2008 Georgia Russia Conflict Fast Facts

Russian peacekeepers talk with Georgian soldiers near the village of Khurvaleti during the conflict in August 2008.

(CNN)Here's a look at the 2008 military conflict between Russia and Georgia.

Facts

The conflict centered on South Ossetia and Abkhazia, two "breakaway provinces" in Georgia. They are officially part of Georgia, but have separate governments unrecognized by most countries.
    Abkhazia and South Ossetia are supported by Russia.
    During the five-day conflict, 170 servicemen, 14 policemen, and 228 civilians from Georgia were killed and 1,747 wounded. Sixty-seven Russian servicemen were killed and 283 were wounded, and 365 South Ossetian servicemen and civilians (combined) were killed, according to an official EU fact-finding report about the conflict.

    Timeline

    1918-1921- Georgia is briefly an independent state after separating from the Russian Empire.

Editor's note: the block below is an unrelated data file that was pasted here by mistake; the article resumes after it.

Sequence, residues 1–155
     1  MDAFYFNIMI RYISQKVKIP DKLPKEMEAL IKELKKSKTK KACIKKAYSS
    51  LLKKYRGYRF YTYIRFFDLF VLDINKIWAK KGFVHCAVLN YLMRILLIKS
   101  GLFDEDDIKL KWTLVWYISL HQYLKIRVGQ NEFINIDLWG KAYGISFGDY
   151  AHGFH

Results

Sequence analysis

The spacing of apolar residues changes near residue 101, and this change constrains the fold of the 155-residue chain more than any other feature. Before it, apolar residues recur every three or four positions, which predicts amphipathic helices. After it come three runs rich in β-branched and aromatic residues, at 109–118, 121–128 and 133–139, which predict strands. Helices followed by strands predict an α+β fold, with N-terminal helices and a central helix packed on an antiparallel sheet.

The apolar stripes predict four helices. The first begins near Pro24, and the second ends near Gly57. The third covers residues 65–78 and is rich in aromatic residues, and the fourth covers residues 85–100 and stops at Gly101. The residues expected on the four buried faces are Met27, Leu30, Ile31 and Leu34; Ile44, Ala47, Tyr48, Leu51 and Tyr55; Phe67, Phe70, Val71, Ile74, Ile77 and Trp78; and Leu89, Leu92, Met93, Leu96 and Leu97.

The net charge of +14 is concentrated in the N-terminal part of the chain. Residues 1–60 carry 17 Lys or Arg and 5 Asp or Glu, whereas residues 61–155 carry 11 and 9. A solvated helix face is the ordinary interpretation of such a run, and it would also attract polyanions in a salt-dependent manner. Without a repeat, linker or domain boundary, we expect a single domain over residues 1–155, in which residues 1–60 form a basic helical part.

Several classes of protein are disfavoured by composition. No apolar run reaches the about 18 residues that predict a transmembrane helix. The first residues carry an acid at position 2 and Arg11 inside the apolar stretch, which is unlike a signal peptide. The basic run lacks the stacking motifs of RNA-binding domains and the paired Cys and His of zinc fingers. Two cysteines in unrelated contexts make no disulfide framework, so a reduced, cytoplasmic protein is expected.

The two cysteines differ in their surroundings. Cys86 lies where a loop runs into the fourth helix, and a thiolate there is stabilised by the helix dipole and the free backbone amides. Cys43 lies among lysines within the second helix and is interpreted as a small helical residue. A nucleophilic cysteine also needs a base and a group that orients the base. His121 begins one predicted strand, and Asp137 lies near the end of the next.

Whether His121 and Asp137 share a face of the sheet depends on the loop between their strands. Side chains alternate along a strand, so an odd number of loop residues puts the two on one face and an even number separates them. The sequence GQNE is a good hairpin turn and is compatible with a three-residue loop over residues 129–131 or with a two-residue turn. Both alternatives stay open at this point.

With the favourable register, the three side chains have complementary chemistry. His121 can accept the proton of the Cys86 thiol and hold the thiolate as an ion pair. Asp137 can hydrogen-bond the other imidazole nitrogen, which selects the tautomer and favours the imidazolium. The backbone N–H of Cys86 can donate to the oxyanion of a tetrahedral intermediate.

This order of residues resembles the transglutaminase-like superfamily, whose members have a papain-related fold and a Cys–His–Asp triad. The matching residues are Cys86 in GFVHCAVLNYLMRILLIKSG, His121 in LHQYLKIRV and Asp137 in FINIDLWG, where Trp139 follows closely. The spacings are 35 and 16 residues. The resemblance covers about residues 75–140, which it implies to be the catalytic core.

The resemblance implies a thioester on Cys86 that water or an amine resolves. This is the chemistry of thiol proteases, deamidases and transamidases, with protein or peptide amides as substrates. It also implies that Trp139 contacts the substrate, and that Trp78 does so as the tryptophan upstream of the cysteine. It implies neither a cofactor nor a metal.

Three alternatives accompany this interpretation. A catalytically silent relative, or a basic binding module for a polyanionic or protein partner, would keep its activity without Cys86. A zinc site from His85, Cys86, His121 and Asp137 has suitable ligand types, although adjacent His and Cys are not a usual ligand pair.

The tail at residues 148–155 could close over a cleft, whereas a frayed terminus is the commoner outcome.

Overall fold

1921 - After the Red Army invasion, Georgia and Abkhazia are declared Soviet Socialist republics.
    1922 - The South Ossetia Autonomous Oblast is created within Georgia.
    1931 - Abkhazia's status is reduced to an autonomous republic within Georgia.
    1990 - South Ossetia declares its independence from Georgia.
    April 9, 1991 - Georgia declares independence.
    1991-1992 - Civil war breaks out in Georgia. Zviad Gamsakhurdia is deposed as president.
    1992 - Abkhazia declares its independence from Georgia, leading to armed conflict.
    October 1992 - Eduard Shevardnadze is elected to lead Georgia. He is re-elected in 1995 and 2000.
    September 1993 - Abkhazian separatist forces defeat the Georgian military.
    October 1993 - Georgia joins the Commonwealth of Independent States.
    May 1994 - A ceasefire is agreed upon and signed between the Georgian government and Abkhaz separatists. Russian peacekeeping forces are deployed to the area.
    October 2001 - Fighting resumes between Abkhaz troops and Georgian paramilitaries. Russia states that it believes Georgia is harboring Chechen rebels, a claim denied by Georgia.
    September 2002 - Russian President Vladimir Putin sends a letter to UN Secretary-General Kofi Annan, UN Security Council members, and members of the Organization for Security and Cooperation in Europe stating that Georgia must respond to accusations they are harboring Chechen militants or face military action from Russia.
    October 2002 -